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Increased Cardiac Risk Linked to Occasional Exertion, Sex

When it comes to physical exertion and sex, every once in a while may not be such a good thing. New research suggests a small but significant risk of heart attack or cardiac arrest associated with physical and sexual activity when these are done only occasionally.

The researchers caution, however, that the absolute risk is small amongst the general population. It is even further reduced among people who have high levels of regular physical activity (such as exercise).

Acute cardiac events such as heart attacks are a major cause of illness and death. It is estimated that as many as a million acute myocardial infarctions (heart attacks) and 300,000 cardiac arrests occurring in the United States each year.

“Regular physical activity has been identified as strongly associated with a decreased risk of cardiovascular disease and related mortality. Despite the well-established benefits of regular physical activity, anecdotal evidence has suggested that physical activity, as well as other acute exposures, such as sexual activity and psychological stress, can act as triggers of acute cardiac events,” the authors write.

Issa J. Dahabreh, M.D., of Tufts Medical Center, and Jessica K. Paulus, Sc.D., of Tufts University, conducted a systematic review and meta-analysis to examine the association between episodic physical activity and sexual activity and acute cardiac events and also the interaction of regular physical activity levels with the triggering effect of these exposures. The researchers identified 14 studies that met criteria for inclusion in the analysis.

The researchers found that overall, the studies suggested an association (3.5 times increased risk) between episodic physical activity and heart attack.

The researchers also found evidence of an increase in the risk of sudden cardiac death (SCD) triggered by episodic physical exertion.

Overall, episodic sexual activity was associated with a 2.7 times increased risk of heart attack. The authors also found that because these exposures of episodic physical exertion and sexual activity are infrequent, the absolute risk of these activities triggering an event is small.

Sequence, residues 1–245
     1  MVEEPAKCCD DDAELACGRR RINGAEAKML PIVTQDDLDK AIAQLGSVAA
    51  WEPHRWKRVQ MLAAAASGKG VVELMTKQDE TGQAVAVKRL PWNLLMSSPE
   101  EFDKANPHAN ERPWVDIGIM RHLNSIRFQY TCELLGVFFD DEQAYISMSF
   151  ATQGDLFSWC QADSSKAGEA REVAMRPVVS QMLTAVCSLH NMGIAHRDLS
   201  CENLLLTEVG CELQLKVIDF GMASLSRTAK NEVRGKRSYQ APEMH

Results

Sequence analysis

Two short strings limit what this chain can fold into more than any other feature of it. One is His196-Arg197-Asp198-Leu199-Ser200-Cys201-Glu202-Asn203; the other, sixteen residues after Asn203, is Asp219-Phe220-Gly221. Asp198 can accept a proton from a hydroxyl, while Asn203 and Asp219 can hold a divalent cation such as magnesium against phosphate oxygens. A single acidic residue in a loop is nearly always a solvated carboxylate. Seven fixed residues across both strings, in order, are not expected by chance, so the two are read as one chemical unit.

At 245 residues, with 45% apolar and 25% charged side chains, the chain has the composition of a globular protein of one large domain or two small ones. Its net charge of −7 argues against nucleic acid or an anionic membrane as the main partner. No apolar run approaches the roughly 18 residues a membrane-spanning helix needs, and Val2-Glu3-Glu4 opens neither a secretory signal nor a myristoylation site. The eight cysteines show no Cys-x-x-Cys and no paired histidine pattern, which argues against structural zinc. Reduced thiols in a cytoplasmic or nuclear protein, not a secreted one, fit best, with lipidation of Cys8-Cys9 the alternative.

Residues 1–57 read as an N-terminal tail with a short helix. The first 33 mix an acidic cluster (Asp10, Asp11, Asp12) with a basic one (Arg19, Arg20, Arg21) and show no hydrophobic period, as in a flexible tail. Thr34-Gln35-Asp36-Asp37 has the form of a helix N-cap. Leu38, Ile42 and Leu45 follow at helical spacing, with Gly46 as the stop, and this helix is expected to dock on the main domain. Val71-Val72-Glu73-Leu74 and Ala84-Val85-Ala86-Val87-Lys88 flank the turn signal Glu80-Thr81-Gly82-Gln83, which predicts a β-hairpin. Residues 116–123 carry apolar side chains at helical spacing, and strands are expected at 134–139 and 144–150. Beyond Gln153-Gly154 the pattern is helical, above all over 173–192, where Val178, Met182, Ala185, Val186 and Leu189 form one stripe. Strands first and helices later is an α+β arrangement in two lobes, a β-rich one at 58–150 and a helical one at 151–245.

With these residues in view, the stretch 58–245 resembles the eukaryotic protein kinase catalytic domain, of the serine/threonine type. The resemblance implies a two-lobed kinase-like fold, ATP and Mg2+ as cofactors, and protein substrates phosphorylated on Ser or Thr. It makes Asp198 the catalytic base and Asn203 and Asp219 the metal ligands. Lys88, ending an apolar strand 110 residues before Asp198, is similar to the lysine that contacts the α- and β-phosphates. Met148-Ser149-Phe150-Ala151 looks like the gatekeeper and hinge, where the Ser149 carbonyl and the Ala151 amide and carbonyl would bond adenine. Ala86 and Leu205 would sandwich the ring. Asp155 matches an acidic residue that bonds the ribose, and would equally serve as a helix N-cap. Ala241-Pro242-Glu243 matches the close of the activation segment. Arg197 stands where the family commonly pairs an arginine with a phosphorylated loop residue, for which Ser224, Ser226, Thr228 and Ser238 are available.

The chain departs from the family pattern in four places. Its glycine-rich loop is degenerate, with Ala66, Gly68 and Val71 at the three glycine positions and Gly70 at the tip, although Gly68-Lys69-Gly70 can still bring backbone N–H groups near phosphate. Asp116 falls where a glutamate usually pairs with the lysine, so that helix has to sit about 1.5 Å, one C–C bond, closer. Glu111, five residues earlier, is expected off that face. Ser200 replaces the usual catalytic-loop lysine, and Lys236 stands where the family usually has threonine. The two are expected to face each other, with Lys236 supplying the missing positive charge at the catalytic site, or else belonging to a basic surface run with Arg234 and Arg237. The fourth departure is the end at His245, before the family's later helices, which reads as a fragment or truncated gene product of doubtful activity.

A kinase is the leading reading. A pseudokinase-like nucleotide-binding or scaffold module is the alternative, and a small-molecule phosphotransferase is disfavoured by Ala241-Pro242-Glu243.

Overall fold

Subgroups of patients with higher habitual activity levels tended to be less susceptible to the triggering effect of episodic physical activity. Analysis indicated that the relative risk of heart attack triggered by episodic physical activity was decreased by approximately 45 percent, and SCD 30 percent, for each additional time per week a person was habitually exposed to physical activity.

“Habitual activity levels significantly affected the association of episodic physical activity and MI, episodic physical activity and SCD, and sexual activity and MI; in all cases, individuals with lower habitual activity levels had an increased relative risk for the triggering effect,” the authors write.

“In conclusion, based on our review of 14 case-crossover studies of acute cardiac events, we found a significant association between episodic physical and sexual activity and MI and suggestive evidence of an association between episodic physical activity and SCD.

“Most importantly, these associations appear to be strongly modified by habitual physical activity, with individuals with higher habitual activity levels experiencing much smaller increases in risk compared with individuals with low activity levels. In view of this, as well as the small absolute magnitude of the risk associated with acute exposure to episodic physical or sexual activity, our findings should not be misinterpreted as indicating a net harm of physical or sexual activity; instead they demonstrate that these exposures are associated with a temporary short-term increase in the risk of acute cardiac events.”

The study appears in the March 23/30 issue of JAMA.

Source: JAMA

Increased Cardiac Risk Linked to Occasional Exertion, Sex

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APA Reference
News Editor, P. (2018). Increased Cardiac Risk Linked to Occasional Exertion, Sex. Psych Central. Retrieved on November 29, 2020, from
Scientifically Reviewed
Last updated: 8 Aug 2018 (Originally: 22 Mar 2011)
Last reviewed: By a member of our scientific advisory board on 8 Aug 2018
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